- Burkina Faso
- Cape Verde
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- D.R. Congo
- Equatorial Guinea
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- Ivory Coast
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- South Sudan
Thursday, July 28, 2016
For more than five years, the rebel Sudan People’s Liberation Army-North (SPLA-N) and government forces have fought each other to a standstill in the border states of South Kordofan and Blue Nile. Neither side has attained a significant military advantage. The fighting in South Kordofan generally takes place from November to June, before the region’s rainy season muddies all access points to the rebel strongholds in the Nuba Mountains, making many roads impassable. Normally, government troops retreat before the rainy season begins in earnest, fearing their supply lines and exit points will be cut off. But this year, their forces appear set to remain in key positions, displacing the residents indefinitely and preventing planting.
Destruction to farmlands and damage to markets has brought dire consequences for civilians. Attacks by al-Bashir’s forces and his warplanes have routinely killed civilians for years. What has changed now is that they are accused of waging a systematic war of attrition designed to squeeze civilians out of rebel-held areas by destroying farmland and markets, and blocking planting by civilians during the rainy season.
“This year, the Sudan government has used a new tactic of war – explicitly targeting food supplies,” said Osman Tola, executive director of the rebel agriculture ministry. “President Omar al-Bashir has tried through land offensives that have so far failed, so he is now trying to get people to move to government areas of control.”
According to the head of one aid organization, one of only a handful operating in the Nuba Mountains, Sudanese forces spent an entire week in late March-early April destroying all the farmland and water points in an area called Karkaria, which acts as a fertile greenbelt and water-flow area for the region.
“It’s done purposely,” said Ali Abdelrahman, director of the Nuba Mountains Relief, Rehabilitation and Development Organisation (NRRDO), a community-based support group. “To set fire to people’s homes, to drive away livestock – purposely to get them hungry. Once you get into that situation, you either die or join government-controlled territories whereby youth are recruited against their own people.”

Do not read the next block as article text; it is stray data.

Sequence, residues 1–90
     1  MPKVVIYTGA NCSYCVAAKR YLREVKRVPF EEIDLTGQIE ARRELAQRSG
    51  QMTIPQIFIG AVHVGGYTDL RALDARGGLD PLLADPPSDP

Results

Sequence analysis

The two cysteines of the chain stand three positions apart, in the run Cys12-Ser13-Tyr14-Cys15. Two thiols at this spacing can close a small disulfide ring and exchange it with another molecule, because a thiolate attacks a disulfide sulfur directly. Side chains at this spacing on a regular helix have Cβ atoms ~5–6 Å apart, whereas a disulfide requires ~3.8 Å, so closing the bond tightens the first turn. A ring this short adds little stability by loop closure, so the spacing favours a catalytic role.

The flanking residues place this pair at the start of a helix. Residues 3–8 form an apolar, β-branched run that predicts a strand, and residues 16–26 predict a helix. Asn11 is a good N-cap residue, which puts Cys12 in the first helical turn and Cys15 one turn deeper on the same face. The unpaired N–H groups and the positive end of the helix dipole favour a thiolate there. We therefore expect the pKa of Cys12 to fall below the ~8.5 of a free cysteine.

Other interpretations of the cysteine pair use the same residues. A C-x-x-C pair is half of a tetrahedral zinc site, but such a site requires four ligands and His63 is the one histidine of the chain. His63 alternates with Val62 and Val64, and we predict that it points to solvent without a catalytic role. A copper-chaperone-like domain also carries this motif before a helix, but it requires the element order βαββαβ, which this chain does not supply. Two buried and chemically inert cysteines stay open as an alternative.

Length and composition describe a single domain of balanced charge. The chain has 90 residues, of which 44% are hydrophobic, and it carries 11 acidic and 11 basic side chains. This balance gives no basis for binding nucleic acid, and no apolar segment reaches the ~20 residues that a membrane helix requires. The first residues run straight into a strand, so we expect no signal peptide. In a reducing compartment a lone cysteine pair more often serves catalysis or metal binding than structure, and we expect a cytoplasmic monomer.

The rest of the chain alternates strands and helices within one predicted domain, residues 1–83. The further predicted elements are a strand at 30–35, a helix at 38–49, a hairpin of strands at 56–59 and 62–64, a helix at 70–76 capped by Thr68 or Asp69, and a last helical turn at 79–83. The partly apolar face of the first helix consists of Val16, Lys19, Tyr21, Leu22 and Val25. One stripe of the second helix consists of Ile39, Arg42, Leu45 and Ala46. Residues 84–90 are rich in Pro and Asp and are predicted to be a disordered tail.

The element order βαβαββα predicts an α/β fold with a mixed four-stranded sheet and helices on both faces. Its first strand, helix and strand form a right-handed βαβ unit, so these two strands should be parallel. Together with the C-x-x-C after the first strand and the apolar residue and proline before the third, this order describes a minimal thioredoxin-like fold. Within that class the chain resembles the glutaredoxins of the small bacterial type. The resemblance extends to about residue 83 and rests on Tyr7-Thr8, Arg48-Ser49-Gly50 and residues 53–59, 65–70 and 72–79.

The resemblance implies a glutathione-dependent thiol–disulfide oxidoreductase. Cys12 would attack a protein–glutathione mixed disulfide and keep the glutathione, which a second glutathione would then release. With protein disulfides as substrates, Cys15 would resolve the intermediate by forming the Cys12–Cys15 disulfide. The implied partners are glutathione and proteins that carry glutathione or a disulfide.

On 18 June, al-Bashir declared a four-month unilateral ceasefire between the government and rebels in South Kordofan and Blue Nile states; a largely moot gesture since the ceasefire aligns with the rainy season, when fighting naturally subsides. The declaration came too late in the planting season for staple crops, leaving a devastating food gap for next year. Meanwhile, restricted access due to conflict areas and reduced supplies of commodities and currency is driving up market prices, further aggravating civilians’ hunger.
“Prices are going higher and higher every day,” trader Gasim Kuku told IRIN. Civilians in South Kordofan can’t rely on the South Sudanese pound, since it fluctuates wildly, and few have access to Khartoum’s more stable Sudanese pound. “Since you can’t get Khartoum money [Sudanese pounds], you buy goods via dollars, meaning you have to exchange the money, adding cost,” Kuku explained. Traders in the rebel-controlled capital Kauda say the rebel government attempted to control prices but this only led to them stopping sales since they couldn’t make a profit. The price of staples such as sorghum has doubled and may even triple in the months ahead. Traders are even beginning to stockpile the crop for fearing of running out of supplies altogether.
The net result of all these factors is severe hunger during the ‘lean season’ through August this year, and potential famine in 2017. For some areas, the conflict has already brought a deadly food crisis. In February, the UN said 242 people, including 24 children, had died of hunger-related illness in eight villages over a six-month period in isolated Kau-Nyaro and Werni counties. “I’m so worried,” Benjamin Kuku, executive director of the New Sudan Council of Churches, a faith-based humanitarian organisation, told IRIN. “When 242 people die in eight villages alone, then it makes me worried. I don’t know where people are going to get food in the months ahead.”